CrossFit has long defined "fitness" as, among other thing, proficiency in 10 general physical skills (a concept borrowed from Jim Cawley and Bruce Evans of Dynamax):
- Cardiovascular / Respiratory Endurance: The ability of body systems to gather, process, and deliver oxygen.
- Stamina: The ability of body systems to process, deliver, store, and utilize energy.
- Strength: The ability of a muscular unit, or combination of muscular units, to apply force.
- Flexibility: The ability to maximize the range of motion at a given joint.
- Power: The ability of a muscular unit, or combination of muscular units, to apply maximum force in minimum time.
- Speed: The ability to minimize the time cycle of a repeated movement.
- Coordination: The ability to combine several distinct movement patterns into a singular distinct movement.
- Agility: The ability to minimize transition time from one movement pattern to another.
- Balance: The ability to control the placement of the bodies center of gravity in relation to its support base.
- Accuracy: The ability to control movement in a given direction or at a given intensity.
Most people work on just the first five or six items on the list above. Marathoners (who haven't yet discovered CrossFit Endurance) grind out long workouts to build up a "base" of endurance, and sprinters devote their time to generating maximum power and speed. But everyone wants to get stronger and faster -- and some even squeeze in some flexibility and mobility work on occasion.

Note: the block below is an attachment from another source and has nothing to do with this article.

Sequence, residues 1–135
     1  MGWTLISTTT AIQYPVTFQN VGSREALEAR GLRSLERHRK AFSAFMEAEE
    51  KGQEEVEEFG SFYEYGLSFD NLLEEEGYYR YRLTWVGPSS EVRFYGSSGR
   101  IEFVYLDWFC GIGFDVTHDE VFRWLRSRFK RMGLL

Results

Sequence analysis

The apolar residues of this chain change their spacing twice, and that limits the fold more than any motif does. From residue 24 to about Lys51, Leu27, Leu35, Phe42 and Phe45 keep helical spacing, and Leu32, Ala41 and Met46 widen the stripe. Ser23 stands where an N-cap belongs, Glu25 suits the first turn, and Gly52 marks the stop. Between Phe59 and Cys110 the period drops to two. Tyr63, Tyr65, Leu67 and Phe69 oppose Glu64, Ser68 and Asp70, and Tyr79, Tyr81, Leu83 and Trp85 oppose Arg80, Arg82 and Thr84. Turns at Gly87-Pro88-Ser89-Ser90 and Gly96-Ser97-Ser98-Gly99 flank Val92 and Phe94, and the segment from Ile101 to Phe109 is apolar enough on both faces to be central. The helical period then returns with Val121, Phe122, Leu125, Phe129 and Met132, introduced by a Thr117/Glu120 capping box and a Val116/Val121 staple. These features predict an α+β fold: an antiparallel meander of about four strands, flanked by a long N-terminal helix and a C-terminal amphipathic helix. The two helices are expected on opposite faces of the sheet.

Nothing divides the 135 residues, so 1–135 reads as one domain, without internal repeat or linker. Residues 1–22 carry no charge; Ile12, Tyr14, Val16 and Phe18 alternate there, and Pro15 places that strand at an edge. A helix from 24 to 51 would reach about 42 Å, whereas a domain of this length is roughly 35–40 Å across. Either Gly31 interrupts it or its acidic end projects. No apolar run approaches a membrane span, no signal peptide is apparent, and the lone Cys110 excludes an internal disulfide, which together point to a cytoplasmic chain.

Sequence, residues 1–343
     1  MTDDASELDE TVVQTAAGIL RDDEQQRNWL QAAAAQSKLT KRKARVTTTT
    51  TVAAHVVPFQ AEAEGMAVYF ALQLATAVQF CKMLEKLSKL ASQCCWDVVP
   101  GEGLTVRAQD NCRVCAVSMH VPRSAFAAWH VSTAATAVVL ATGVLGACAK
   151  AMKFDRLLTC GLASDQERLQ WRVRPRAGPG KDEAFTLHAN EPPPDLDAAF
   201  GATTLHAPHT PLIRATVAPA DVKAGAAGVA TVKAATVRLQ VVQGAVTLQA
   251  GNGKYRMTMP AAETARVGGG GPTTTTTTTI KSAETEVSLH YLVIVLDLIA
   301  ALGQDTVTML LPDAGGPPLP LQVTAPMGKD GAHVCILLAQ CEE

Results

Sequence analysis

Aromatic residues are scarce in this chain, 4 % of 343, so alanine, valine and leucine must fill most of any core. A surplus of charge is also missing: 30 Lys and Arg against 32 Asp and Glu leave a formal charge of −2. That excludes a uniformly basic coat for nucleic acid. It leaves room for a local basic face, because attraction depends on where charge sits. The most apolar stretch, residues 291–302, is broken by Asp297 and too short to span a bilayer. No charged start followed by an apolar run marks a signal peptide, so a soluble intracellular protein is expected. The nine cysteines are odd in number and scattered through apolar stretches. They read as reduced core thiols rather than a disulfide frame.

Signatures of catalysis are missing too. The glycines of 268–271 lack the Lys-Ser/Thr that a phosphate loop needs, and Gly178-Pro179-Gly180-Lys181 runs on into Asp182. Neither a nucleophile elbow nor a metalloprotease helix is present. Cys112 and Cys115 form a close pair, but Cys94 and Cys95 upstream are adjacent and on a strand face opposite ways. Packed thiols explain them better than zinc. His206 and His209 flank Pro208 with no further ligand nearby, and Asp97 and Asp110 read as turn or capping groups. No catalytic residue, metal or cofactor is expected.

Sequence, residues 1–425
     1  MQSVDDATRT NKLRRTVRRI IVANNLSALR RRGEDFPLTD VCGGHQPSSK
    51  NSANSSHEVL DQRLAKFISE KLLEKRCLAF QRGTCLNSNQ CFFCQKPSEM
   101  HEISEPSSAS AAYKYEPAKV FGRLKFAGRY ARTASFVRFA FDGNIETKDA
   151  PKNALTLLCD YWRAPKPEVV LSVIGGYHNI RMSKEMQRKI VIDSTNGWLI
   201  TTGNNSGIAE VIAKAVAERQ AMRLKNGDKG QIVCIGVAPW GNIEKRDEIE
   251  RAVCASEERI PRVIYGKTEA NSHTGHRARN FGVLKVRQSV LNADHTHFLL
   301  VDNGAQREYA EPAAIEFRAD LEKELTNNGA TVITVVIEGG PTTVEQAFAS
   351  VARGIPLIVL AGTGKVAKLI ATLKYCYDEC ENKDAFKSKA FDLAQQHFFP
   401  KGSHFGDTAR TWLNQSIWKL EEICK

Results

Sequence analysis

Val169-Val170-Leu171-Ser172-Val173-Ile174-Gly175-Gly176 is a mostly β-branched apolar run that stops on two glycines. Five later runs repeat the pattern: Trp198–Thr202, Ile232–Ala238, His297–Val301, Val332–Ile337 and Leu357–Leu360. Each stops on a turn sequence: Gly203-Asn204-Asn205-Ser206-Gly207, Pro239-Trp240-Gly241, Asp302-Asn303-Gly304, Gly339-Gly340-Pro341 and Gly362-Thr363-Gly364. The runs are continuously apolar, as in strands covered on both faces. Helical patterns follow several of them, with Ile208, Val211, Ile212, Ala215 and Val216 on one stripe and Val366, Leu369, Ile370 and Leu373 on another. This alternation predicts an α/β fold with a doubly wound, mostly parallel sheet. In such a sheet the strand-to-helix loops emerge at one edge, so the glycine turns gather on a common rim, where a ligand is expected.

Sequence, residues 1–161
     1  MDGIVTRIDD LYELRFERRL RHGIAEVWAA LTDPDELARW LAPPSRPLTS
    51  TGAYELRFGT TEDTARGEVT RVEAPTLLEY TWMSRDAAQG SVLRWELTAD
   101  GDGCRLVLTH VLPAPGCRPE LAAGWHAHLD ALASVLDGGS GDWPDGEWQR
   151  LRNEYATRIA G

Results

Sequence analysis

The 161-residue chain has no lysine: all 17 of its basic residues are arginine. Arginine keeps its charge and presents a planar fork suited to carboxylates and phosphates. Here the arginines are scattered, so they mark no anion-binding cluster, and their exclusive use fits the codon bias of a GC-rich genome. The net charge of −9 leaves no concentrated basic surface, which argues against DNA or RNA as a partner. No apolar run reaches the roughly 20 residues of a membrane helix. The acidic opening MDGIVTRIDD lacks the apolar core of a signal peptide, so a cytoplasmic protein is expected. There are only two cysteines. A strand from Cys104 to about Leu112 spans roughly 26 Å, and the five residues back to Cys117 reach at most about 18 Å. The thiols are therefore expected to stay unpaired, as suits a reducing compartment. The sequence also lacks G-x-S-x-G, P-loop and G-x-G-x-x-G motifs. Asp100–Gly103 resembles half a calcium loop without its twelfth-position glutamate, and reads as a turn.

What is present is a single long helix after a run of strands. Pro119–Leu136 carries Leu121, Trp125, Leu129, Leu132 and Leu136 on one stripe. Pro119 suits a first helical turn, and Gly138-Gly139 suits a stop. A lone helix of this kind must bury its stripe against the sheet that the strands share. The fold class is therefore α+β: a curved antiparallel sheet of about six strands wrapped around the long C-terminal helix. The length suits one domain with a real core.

But imagine how mind-blowing it would be if everyone spent more time on the back-half of this list, and worked rigorously on developing greater speed, coordination, agility, balance and accuracy.
And the best part? We don't even have to practice these skills in the gym. Here are a few ways you, too, can get more "fit" while on the job:
Restaurant workers can practice throwing and catching pancakes like Frisbees!
Retail workers can bag merchandise with kick-ass flourishes!
Ice cream vendors can amaze customers (and make them feel strangely inadequate)!
And baristas and bartenders can strap on a pair of Heelys and dazzle people with their beverage preparation abilities!
Seriously: There's a lesson here. (I think.) I'm not saying these guys are the fittest people around; for all I know, their Fran times are crappy and they can't front squat worth a damn. They're specialists -- not generalists. But given their apparent mastery of at least 4 or 5 of the 10 General Physical Skills, these people are arguably just as -- if not more -- "fit" than you or me.
[Thanks to @oldskoolboarder for the Turkish ice cream video!]